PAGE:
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Online, interactive timelines support visually rich displays of information—text, images, multimedia, hyperlinks, even geospatial data—using spatial arrangements, categories, and color schemes to convey meaning, which make them ideal platforms for achieving a variety of course goals and objectives. 

Timeline-based assignments can aid in a variety of learning goals, including:


  • Analyze non-linear relationships. Students often view history as distinctly linear: Event A happened, then Event B, then Event C. A linear view can make it challenging for students to identify relationships among events. By using spatial arrangements, categories, and color schemes to convey meaning, timelines can help students identify these complex relationships.


  • Develop historical context. Students sometimes have trouble seeing a particular text or invention or event in its historical context. By visually co-locating events that occurred concurrently in time, timelines can help students contextualize individual events, people, and inventions in relationship with others.


  • Analyze on a micro-, macro-, or mega- scale. Students sometimes view historical events on only one scale. In using a timeline, students can identify and analyze how seemingly isolated events relate to larger scale history or other micro-macro dynamics, such as local or regional histories in the context of broader national or worldwide events.

  • Focus on details. Large trends have little details that need to be examined. Use timelines to help your students discover how little details relate to the larger picture.

  • Develop arguments. Have students select several items from their timeline to develop an argument about change and/or continuity over time.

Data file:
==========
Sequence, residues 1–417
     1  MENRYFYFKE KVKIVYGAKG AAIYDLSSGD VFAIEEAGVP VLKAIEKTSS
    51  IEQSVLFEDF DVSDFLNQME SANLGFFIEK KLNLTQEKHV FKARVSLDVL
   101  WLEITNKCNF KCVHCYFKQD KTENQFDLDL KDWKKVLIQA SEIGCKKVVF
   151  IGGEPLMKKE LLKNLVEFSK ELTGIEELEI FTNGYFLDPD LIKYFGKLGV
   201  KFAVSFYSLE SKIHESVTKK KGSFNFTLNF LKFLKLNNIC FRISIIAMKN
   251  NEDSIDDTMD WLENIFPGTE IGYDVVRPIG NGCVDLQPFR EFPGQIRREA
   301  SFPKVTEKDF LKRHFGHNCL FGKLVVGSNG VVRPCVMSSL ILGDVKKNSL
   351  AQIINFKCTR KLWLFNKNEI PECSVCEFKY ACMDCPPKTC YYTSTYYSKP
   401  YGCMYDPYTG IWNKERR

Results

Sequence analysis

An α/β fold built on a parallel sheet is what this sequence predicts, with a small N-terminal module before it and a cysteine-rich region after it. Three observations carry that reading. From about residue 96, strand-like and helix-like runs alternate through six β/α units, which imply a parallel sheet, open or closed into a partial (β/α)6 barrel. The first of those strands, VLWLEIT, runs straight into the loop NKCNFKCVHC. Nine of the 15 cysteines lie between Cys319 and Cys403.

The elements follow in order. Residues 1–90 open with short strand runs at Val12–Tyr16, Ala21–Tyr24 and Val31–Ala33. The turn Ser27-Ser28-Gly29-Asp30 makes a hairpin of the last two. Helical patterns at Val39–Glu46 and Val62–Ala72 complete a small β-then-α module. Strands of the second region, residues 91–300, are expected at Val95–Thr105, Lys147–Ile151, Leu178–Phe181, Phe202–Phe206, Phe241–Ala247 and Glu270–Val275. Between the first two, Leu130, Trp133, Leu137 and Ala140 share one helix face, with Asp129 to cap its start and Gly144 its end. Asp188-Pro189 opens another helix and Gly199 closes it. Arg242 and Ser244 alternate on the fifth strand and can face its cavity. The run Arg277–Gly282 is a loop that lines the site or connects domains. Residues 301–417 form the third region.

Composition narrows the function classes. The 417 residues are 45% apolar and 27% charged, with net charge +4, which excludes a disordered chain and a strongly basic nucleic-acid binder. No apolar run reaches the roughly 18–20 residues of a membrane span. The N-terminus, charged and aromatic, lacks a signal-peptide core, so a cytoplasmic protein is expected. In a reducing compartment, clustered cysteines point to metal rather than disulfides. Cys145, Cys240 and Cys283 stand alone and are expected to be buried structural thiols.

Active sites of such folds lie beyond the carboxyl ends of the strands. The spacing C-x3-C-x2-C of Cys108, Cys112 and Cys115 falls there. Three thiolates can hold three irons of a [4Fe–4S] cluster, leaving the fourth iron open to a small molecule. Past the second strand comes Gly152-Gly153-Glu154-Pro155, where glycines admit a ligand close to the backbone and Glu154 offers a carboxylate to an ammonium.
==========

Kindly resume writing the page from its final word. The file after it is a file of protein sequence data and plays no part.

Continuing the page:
• Compare time periods. Have students examine themes and concepts across two different time periods. An example used in a Religions of Japan course can be found below in the “Timeline as Analysis” section.

  • Document work through proper citations. Timelines are not just a product in themselves; they can also be a tool to help students learn essential research skills like citations of source material for individual entries.

  • Understand the development of scholarly discourse or historiography. Undergraduates can be unfamiliar with the idea of academic disciplines as culturally constructed and interpretive. By allowing students to use a timeline to plot the development of scholarly discourse, they can discover how scholars’ understandings of a key figure or subject changes over time.

  • Create a visual literature review. Much like understanding the development of scholarly discourse, timelines can also allow students to create a visual literature review, with an emphasis on development over time.

  • Visualize change (and continuity) over time and space. Timelines might consider spatial arrangements, as well as temporal ones. 

Examples of Digital Timeline Projects


Jedediah Hotchkiss and The Battle of Chancellorsville


Black Liberation Timeline


The Whiskey Rebellion - timeline and map


The Atlantic slave trade in 2 minutes (play and pause animation)


American Panorama - An Atlas of U.S. History


English Writing the future: A timeline of science fiction literature


Science Interactive timeline: Michael Faraday


(Requires Flash) Science Human Evolution Timeline


(Requires Flash) English Timeline - The British Library


Social Justice HUD Timeline


Social Justice Structural Racism Timeline


Social Justice Interactive timeline: Women's Footprint in History


(no other software needed)

TIMELINE JS TUTORIAL (requires Google Sheets)

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